Dewayne Dedmon is a prime example of how emotional abuse can influence a child's development. We should all be thankful that this young man had the courage to escape an environment that threatened his ability to think independently and was able to resist falling prey to the lure of drugs and crime in order to follow the best master of all: his conscience.
Joe Walsh, Farmington, Conn.
Reading Chris Ballard's article (Dewayne Dedmon's Leap of Faith, Nov. 14) made me angry. I find it unfathomable that a mother would rather see her child struggle, with no education or career goals, than live his dreams and prosper. Parents are supposed to guide their children and support their positive endeavors, not hinder them. I hope Dedmon can continue to be strong and follow his passions.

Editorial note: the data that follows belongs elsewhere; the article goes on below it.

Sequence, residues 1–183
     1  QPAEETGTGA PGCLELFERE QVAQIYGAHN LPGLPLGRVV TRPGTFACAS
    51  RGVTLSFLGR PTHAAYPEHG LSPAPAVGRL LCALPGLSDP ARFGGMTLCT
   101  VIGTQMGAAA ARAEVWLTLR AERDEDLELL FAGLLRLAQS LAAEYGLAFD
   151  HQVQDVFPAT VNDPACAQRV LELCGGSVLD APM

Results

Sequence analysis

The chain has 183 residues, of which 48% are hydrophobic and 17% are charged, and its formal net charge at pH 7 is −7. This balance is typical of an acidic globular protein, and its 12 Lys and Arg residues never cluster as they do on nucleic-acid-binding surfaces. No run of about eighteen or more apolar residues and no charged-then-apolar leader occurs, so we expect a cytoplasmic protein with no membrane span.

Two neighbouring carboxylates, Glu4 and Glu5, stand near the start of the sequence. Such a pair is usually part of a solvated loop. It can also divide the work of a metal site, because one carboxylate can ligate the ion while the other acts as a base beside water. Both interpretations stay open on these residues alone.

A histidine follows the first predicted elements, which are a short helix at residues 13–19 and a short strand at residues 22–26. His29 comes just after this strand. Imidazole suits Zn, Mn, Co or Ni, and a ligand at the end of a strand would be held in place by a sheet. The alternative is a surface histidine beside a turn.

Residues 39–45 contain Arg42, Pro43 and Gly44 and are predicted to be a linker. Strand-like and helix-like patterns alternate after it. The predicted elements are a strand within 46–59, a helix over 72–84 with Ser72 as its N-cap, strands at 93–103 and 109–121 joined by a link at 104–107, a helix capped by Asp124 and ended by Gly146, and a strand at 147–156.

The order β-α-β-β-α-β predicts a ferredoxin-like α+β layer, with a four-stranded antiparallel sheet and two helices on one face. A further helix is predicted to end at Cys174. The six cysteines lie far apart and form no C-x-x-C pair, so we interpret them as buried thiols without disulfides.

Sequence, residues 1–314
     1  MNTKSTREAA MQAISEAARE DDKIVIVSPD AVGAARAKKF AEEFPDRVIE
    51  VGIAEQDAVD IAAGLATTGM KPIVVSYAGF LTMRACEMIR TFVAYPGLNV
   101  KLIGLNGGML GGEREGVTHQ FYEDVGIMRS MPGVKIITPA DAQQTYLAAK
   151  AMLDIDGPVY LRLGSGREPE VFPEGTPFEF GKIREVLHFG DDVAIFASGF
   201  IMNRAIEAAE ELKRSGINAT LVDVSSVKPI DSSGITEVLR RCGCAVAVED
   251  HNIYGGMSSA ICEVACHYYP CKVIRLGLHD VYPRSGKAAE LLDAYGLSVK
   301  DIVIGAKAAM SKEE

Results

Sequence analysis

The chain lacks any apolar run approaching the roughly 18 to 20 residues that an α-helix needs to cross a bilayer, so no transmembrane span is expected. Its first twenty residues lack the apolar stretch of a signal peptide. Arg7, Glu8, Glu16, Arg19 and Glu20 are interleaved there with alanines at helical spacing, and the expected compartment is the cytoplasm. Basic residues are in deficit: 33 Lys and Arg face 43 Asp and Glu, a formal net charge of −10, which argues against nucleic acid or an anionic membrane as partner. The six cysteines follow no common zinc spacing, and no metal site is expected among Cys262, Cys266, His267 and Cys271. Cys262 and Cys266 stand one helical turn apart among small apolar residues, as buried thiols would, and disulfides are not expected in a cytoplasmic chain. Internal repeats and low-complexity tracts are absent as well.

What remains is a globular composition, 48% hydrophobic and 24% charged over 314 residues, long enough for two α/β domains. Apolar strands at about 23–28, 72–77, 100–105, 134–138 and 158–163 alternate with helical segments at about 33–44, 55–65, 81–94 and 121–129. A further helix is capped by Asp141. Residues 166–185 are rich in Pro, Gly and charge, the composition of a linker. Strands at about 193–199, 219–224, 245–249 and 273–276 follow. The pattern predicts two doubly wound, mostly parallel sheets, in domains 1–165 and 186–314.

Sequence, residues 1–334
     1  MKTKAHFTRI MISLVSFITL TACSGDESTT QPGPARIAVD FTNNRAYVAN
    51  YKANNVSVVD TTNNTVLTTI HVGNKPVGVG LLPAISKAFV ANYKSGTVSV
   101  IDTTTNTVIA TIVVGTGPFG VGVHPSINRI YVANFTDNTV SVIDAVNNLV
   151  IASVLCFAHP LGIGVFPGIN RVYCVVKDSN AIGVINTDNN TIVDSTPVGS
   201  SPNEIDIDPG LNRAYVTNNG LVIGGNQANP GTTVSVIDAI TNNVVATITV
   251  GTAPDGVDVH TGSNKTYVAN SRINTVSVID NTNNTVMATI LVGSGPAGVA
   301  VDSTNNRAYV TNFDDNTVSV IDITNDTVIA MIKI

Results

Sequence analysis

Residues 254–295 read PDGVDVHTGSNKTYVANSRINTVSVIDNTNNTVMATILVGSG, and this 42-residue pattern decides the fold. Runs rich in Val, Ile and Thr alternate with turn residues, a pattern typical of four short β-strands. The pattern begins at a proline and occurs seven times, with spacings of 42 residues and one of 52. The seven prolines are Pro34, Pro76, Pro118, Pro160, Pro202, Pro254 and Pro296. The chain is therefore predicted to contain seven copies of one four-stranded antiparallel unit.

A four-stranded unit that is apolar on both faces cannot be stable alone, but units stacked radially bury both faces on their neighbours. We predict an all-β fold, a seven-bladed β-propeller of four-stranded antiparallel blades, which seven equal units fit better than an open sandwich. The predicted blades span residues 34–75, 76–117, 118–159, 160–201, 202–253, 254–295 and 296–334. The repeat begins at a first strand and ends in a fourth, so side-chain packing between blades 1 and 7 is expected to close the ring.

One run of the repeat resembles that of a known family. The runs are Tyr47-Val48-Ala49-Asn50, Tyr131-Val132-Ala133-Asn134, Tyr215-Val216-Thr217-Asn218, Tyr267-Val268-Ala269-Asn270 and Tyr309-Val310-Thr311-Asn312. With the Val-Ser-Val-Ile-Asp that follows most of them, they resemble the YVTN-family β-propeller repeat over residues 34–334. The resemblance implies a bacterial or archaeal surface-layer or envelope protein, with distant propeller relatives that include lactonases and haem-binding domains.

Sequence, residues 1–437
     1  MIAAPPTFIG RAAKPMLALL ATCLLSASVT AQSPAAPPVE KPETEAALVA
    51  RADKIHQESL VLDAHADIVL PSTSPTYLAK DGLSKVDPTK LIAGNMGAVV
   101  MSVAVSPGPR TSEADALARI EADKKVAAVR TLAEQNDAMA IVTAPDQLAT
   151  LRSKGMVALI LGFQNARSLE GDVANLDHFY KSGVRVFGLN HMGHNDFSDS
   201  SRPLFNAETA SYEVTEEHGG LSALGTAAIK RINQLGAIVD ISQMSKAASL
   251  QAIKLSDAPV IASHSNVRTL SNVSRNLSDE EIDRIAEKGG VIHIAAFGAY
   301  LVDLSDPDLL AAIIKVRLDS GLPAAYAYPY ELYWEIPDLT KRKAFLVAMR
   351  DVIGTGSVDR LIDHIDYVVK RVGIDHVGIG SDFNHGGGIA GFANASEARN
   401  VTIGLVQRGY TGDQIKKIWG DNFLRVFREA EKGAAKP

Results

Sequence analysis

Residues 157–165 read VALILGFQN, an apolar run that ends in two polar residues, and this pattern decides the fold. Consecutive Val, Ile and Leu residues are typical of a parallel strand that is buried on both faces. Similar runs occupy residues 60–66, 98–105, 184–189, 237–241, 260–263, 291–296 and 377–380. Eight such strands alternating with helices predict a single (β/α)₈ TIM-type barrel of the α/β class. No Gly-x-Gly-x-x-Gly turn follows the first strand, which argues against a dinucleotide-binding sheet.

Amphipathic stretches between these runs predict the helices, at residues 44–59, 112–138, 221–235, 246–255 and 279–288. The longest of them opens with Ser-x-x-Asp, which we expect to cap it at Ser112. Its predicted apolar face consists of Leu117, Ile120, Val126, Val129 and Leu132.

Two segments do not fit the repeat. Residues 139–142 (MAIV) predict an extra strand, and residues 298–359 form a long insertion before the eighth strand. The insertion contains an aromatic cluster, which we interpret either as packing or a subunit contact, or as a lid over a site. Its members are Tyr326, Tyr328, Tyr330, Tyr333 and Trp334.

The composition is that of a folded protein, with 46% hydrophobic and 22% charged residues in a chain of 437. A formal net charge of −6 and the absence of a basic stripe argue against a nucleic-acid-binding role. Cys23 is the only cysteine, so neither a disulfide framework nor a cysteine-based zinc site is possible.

Melissa Griffin, Romulus, Mich.
It seems Dedmon has intuitively figured out that following his faith does not mean he has to subjugate his joy for life. Basketball seems to exalt his zest for life. Gail Lewis's problem lies in her literal interpretation of the scripture, which only leaves her disappointed and disillusioned with her son and his goals. Obviously, Dedmon is much more grounded and mature than his mother gives him credit for.
Del R. Aube, Bedford, N.H.
Forgotten in the adoration of Magic Johnson's "beating" HIV (SCORECARD, Nov. 14) is the fact that he became HIV positive due to his own hubris. At the time of his announcement it was well known that unprotected sex was a huge factor in the explosive way in which HIV was spread, yet Johnson was still careless. While a spectacular player with a dynamic personality, Johnson's casual sexual behavior could have destroyed many lives.
Bert Bergen, Dana Point, Calif.
Ground and Pound